Twenty years after it cleaned up at the box office while simultaneously polarizing critics, Luc Besson’s colorful, action-packed sci-fi extravaganza is as bonkers as ever. It has elements that are reminiscent of both “Total Recall” (1990) and “Stargate” (1994), but “The Fifth Element” is loudly, proudly its own beast — and it all hinges on Milla Jovovich’s iconic performance. Continue reading…
After a prologue set in Egypt in 1914 involving hieroglyphics, aliens, and portents of “a great evil” that can only be stopped by a combination of four powerful element stones and a mysterious “fifth element,” the action skips ahead to the year 2263. Laconic cab driver/former special forces officer Korben Dallas (Bruce Willis) has no idea what’s happening when a lanky, nearly naked, gibberish-spouting redhead (Jovovich) literally falls into his flying taxi. But he’s immediately entranced by the passion and urgency of “Leeloo,” as she dubs herself, so he helps get her to Father Vito Cornelius (Ian Holm), who recognizes Leeloo as the all-powerful, genetically perfect fifth element. It’s now up to Cornelius, his apprentice, and Korben to reunite her with the stones and fend off the great evil, which has returned and is an imminent threat to Earth.
Leeloo kicks, punches, and whirls her way through obstacles of all kinds, catching up on millennia of human experience and history as she goes. And what she discovers — hatred, violence, persecution — leaves her unsure whether she actually wants to help defend the Earth and its people. But there’s love in people’s hearts, too; specifically in Korben’s. And it’s that (literally) saving grace that ultimately gives Leeloo the power she needs to unite the elements.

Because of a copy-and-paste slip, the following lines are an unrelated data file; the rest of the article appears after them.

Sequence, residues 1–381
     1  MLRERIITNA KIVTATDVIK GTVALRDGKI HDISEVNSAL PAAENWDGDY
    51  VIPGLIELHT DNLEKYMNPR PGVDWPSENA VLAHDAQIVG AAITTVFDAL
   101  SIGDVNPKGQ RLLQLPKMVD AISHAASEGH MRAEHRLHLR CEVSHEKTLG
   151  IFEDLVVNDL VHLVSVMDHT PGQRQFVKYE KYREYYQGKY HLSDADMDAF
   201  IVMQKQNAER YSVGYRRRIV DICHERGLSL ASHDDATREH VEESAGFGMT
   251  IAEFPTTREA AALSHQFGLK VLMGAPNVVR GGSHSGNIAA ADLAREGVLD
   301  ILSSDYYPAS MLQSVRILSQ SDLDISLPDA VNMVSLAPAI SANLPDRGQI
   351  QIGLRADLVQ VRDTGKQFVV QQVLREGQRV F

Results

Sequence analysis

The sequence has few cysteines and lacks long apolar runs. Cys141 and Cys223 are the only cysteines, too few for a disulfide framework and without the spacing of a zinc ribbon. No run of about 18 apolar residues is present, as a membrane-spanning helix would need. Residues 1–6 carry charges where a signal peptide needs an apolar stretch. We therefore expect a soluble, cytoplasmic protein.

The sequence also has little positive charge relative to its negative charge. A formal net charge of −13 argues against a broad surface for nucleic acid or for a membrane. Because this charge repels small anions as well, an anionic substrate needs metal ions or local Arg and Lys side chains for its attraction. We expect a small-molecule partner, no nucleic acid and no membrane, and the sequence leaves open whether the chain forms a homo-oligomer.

“The Fifth Element” offers nonstop action, memorable characters (we haven’t even mentioned Chris Tucker’s motor-mouthed diva, Ruby Rhod, yet!), quirky humor, inventive production design, and impressive cinematography and special effects — especially considering how far technology has come since it was first released. But in the end, it’s the powerful symbolism of a woman saving humanity with the power of love that lingers. — Betsy Bozdech
Team #MOTW Comments:
Dorothy Woodend: The Fifth Element is celebrating its 20th Anniversary this May, and it remains a curious example of French sensibility, mixed with American genre action, and spiked with a sweet dose of insanity. Long before Guardians of the Galaxy fused campiness and space ships, Luc Besson’s vision took flight, combining sex, sass, aliens, and the age old quest to save the world and get the girl, in that order. Read full review.
Sheila Roberts: Luc Besson’s colorful sci-fi action fantasy, “The Fifth Element,” remains visually stunning and thrilling to watch even today with all the technological advancements that have taken place since 1997. In the re-release celebrating its 20th anniversary, Thierry Arbogast’s cinematography, Dan Weil’s production design, and Sylvie Landra’s editing continue to impress. Set in the 23rd century, the film features an awesome cast. Milla Jovovich plays quirky super heroine Leeloo opposite Bruce Willis’s gritty Korben Dallas, a retired Special Forces soldier turned New York City cabbie. When Leeloo crash lands unexpectedly into Dallas’s cab, he becomes an unwitting but pivotal player in her urgent love vs. evil mission to save the planet. In epic supporting roles, Gary Oldman is the deliciously evil Zorg and Chris Tucker is the hypersexualized intergalactic DJ Ruby Rhod and they offer some of the film’s most memorable moments.